Here’s the truth: you don’t stop. It’s work. There have been quite a few moments on this trip that I’ve wished I was just on a vacation - able to let go of all responsibility, duties, and just frolic around Europe for 2 weeks. But that’s not why I’m here. And that’s beyond okay. I LOVE WHAT I DO. But I know sometimes it can seem like one big, massive, stress-free vacation. And that’s just not true.

What I Wish I Could Tell You About Being A Destination Photographer

It’s not about me

I wanna get super blunt with y’all for a minute. (Please still love me after this comment.)

If you’re longing to be a destination photographer because it looks exotic, adventurous, exciting, or fun for you… you’re in it for the wrong reasons. Stop. Analyze your heart. Why do you want to travel around the world? For you and you alone? Or for your clients? To serve, love, bless, and be there for them?

I’m not saying you can’t think of yourself at all in this equation. Obviously, you play a big part in all of this. You’re sacrificing your time, energy, sanity, time with family and friends, and sometimes your health to travel to your clients. (As I just said above: it’s not easy! You have to be 100% in before you start this journey.)

But if you’re thinking you want to become a destination photographer for the thrills or fame or fun of it… please think again. You’ll burn out faster than Taylor Swift’s romances.

It’s not about you. That’s the bottom line. This is about offering a beautiful, unique, once-in-a-lifetime experience for your clients. This is about telling a unique, powerful, tear-worthy love story in even a single image. The image great grandkids will pull out of the (extremely outdated, unused, and laughably old-fashioned) Instagram archives one day; the image that sparks grandma to tell the story of the day her best friend and future husband (oh, but she didn’t know it then, trust her) walked into that old high school cafeteria.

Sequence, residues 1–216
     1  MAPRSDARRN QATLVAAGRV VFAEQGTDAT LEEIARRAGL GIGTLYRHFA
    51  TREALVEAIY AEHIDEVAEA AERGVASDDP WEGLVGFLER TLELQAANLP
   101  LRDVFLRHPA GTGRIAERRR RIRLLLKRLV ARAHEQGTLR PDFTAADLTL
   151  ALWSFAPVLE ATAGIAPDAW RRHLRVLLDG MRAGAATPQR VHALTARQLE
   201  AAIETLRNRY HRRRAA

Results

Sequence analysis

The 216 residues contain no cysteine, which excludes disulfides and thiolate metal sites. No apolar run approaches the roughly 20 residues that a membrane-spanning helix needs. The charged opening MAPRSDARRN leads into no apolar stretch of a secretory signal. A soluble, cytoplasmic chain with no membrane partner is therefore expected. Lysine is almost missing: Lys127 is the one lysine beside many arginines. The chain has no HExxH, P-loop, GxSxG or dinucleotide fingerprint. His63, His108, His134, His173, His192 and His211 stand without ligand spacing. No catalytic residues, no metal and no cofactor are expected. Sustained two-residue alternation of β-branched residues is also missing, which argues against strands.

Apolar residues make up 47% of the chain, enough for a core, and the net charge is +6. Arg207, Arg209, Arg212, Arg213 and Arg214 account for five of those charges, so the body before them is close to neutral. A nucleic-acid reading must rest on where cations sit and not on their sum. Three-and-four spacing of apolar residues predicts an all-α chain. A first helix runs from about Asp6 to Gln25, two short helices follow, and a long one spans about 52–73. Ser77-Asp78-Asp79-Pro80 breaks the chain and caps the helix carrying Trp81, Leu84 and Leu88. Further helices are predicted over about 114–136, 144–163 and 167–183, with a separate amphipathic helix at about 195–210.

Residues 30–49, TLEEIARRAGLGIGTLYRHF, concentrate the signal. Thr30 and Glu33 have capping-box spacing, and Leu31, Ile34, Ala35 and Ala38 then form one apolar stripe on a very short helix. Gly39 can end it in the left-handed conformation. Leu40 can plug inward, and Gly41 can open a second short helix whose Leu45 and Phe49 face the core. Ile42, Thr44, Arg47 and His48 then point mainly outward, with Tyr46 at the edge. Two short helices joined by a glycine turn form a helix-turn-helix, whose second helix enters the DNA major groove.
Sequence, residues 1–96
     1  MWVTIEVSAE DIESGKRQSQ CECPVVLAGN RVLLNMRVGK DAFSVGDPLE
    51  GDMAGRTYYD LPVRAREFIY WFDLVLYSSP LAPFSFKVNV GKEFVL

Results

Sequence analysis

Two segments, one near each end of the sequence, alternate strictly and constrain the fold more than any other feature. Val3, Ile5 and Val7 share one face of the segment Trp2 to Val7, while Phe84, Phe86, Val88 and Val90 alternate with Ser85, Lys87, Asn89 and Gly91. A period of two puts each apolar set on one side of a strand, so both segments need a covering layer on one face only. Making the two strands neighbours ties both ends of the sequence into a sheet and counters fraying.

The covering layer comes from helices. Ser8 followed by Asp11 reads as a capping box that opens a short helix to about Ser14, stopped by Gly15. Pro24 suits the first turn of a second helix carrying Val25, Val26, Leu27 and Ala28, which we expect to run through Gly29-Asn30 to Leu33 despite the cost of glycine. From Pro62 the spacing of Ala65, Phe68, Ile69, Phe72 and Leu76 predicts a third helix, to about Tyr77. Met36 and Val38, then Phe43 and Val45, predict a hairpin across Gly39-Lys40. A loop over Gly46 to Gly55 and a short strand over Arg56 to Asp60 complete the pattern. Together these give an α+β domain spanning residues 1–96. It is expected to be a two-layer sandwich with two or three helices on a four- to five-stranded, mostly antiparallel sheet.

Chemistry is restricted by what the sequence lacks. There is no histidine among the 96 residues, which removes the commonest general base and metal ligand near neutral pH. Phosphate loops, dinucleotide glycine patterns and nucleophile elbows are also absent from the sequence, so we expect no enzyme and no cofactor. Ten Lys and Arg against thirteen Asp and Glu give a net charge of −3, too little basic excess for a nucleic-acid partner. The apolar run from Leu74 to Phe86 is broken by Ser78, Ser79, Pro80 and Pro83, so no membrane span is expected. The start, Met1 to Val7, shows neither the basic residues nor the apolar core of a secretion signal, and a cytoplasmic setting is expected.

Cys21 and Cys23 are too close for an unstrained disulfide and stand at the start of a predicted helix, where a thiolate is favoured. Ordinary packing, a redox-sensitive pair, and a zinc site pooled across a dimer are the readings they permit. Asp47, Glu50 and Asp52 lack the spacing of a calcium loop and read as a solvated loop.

That story, my friends. That is what you’re doing here. You’re freezing that story into beautiful, breathtaking photos. You’re capturing memories and putting them into their own little jars. That’s your job. That’s what your couples are paying and trusting you to do. You are fully invested in them. Those incredible, wild, carefree, amazing, precious humans you would do almost anything to serve, to bless, to love.

Are you waking up at 3am for that sunrise session for you? For likes on Instagram? For a feature on Dirty Boots and Messy Hair? Or to tell their story? To capture their reckless, wild, adventurous love, in their favorite camping spot, or their dream destination?

Because that’s the real game changer here. When you realize what this truly is: a service, an experience, a way to love someone else with your skills, your artistry, your time, your energy, and your passion… it becomes even more worth it. Those long, long, long hours, the late nights, the early mornings, the sick, exhausted, stressful moments become that much more incredible.